On January 5th I wrote on building a case for the relative out-performance of Italian bonds (Why Spain may be more Worrisome than Italy). This was a contrarian view as many feared that the combination of Italy's own poor debt dynamics and the contagion from the periphery were putting the third largest country in the euro zone at risk. Various commentaries and analyses played up the under-performance of Italy compared with Spain in the bond market, rising cost of insurance (in the CDS market) and the threat of more action by the rating agencies.
Since the January 5th note through today, the Italian 10-year yield has fallen 147 bp to 5.62%. The Spanish equivalent yield has fallen 66 bp to about 4.98%. Similarly, Italy's 2-year yield has fallen 192 bp to 2.95%, while Spain's 2-year yield has fallen 107 bp to 2.58%.
The markets have rewarded Italy for two reasons:
First, Prime Minister Monti has won the support and confidence of investors through his reform agenda. Even Berlusconi has lent support to most of Monti's agenda.
Second, the ECB's 3-year lending facility has also reduced the extreme tail risks that were perceived in Q4 11. Investors were prepared for the worst and when this failed to materialize, investors were forced to get involved again or face a significant under performance relative to benchmarks. It has also helped that the EBA has reportedly indicated that last year's stress test that included marking to market sovereign holdings will not be repeated in this year's tests.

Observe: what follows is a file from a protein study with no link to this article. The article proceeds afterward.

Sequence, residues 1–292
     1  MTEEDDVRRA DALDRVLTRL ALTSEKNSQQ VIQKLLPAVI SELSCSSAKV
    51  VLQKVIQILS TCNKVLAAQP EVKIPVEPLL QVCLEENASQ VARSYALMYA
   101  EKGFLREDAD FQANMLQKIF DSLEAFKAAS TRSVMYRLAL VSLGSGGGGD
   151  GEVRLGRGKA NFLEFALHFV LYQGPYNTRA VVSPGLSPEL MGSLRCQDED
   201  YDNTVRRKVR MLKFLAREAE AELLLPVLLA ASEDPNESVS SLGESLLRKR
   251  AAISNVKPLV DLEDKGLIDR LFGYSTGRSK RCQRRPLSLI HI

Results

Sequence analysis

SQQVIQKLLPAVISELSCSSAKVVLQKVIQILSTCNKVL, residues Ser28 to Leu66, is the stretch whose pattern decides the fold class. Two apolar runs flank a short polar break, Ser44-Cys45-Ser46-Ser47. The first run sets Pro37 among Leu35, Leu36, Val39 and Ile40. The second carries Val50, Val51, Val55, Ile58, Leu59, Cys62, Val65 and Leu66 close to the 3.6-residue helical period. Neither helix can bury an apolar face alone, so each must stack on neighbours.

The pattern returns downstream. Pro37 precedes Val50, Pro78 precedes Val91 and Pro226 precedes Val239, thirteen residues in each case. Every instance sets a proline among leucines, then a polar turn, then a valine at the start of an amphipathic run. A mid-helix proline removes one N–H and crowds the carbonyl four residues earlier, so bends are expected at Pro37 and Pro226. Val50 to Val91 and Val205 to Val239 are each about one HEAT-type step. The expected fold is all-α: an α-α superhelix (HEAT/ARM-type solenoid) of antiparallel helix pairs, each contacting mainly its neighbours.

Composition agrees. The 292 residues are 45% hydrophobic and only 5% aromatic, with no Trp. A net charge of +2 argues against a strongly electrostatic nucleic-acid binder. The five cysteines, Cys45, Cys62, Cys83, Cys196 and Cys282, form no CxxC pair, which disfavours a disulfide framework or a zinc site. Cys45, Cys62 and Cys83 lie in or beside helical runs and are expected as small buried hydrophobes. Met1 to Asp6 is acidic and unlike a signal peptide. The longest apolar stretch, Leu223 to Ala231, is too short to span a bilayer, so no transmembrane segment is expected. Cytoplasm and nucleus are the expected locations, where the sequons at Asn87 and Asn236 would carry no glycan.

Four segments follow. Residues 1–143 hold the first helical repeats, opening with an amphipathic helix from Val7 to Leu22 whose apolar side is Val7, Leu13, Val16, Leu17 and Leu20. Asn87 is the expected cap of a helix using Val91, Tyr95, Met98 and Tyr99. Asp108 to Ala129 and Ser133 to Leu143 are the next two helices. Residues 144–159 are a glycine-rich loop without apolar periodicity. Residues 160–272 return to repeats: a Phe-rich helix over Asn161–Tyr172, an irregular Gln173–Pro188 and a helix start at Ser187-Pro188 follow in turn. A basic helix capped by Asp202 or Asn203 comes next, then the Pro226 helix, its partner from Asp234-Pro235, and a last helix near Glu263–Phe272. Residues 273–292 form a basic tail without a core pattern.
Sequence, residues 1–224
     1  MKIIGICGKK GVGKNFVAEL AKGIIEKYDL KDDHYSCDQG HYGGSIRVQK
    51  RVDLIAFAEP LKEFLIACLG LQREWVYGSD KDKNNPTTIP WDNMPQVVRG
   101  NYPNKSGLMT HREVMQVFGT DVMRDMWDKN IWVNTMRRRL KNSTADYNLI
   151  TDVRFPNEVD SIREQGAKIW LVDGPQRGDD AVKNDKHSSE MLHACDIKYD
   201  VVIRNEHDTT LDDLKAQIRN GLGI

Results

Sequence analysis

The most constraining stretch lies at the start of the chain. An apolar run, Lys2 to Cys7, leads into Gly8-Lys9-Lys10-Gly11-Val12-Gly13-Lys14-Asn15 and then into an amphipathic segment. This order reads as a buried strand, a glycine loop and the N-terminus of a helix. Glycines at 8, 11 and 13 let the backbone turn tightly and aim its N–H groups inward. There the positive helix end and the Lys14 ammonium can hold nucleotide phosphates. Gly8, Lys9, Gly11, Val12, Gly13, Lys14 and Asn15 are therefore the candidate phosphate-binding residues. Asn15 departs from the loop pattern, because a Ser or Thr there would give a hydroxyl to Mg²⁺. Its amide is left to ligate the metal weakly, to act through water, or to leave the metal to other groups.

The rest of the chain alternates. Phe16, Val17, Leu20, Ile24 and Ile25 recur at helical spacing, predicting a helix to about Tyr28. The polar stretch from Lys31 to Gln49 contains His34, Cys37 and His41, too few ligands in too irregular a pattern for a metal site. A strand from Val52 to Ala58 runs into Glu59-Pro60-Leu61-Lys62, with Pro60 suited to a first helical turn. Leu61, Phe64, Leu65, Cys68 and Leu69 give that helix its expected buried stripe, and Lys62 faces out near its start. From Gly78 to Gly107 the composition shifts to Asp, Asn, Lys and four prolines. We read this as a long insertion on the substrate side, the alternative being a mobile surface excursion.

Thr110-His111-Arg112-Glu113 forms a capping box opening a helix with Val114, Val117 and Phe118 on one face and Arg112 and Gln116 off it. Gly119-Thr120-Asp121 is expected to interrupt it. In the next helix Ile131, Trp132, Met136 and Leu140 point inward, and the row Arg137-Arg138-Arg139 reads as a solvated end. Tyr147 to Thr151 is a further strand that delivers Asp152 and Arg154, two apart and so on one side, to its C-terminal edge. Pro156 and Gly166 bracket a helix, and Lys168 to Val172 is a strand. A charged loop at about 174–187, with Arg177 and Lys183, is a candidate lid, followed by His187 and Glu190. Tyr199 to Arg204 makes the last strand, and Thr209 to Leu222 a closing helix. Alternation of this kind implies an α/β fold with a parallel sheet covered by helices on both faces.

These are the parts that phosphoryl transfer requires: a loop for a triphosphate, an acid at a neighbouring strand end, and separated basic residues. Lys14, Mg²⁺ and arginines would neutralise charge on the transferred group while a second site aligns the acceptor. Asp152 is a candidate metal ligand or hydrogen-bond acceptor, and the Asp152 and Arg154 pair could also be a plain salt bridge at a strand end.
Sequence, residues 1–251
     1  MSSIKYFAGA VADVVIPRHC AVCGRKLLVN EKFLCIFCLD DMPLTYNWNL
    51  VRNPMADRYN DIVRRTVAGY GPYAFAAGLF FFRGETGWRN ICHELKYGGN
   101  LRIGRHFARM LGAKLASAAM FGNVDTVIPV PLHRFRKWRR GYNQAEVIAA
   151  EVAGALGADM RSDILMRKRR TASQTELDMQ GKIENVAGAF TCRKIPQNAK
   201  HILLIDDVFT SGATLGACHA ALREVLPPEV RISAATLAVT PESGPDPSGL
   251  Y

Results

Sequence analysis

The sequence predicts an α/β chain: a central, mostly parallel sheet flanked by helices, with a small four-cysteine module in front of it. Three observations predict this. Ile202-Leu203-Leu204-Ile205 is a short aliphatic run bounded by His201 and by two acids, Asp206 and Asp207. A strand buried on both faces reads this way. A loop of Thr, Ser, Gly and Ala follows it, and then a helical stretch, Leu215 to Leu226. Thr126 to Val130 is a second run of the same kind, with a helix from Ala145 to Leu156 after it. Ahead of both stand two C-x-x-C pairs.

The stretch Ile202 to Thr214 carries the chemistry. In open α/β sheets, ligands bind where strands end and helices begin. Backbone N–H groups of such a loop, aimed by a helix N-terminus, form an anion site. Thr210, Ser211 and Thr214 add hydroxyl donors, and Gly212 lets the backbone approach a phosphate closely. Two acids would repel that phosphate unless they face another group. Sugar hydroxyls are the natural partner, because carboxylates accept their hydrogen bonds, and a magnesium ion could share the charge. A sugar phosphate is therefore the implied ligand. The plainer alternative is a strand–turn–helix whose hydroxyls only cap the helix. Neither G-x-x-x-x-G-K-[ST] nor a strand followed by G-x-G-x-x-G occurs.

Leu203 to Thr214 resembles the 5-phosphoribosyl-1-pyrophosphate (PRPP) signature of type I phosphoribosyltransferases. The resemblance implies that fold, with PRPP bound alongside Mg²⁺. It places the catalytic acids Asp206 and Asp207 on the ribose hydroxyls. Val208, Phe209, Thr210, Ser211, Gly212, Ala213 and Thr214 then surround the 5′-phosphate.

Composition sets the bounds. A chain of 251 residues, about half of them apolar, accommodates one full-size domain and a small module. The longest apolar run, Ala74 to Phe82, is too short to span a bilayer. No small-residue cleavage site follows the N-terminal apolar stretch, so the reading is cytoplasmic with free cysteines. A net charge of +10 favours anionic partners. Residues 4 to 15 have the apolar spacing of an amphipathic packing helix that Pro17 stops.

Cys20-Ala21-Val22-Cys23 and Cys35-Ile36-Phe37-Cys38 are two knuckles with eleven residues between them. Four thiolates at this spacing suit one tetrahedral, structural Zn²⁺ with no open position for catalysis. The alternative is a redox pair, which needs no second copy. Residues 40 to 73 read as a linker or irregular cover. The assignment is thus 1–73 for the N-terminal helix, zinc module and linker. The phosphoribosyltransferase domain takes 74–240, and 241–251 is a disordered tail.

Spain has benefited from some of these developments too, but it has been hampered by a couple Spain-specific developments, including the large deficit over shoot last year and a seemingly public debate between the budget and finance minister over the ability to meet this year's fiscal targets.
While Spain is encouraging additional bank mergers, and this may buy some time to be capital requirements, Italy's banks have already swallowed some tough medicine. Unicredit, Italy's largest bank, for example, has rallied more than 12% and is off only about 1% from its pre-rights issue price.
More broadly, Italian shares are outperforming Spain. The FTSE MIB Index is up 8.3% compared with a 2.6% rise of the IBEX 35 Index.
Ahead of the next LTRO at the end of the month, Spanish and Italian bonds may begin consolidating after the large moves seen over the past month. The scope for Italian out-performance in the month ahead appears somewhat more limited than over the past month. Indeed, the 5.5% yield level on the Italy's 10-year generic bond may prove a bit sticky. It also corresponds to trend line on the weekly charts, drawn off the yield low of 3.7% in mid-Oct 2010. Spain's 10-year yield decline is slowing as it slips through the 5% threshold.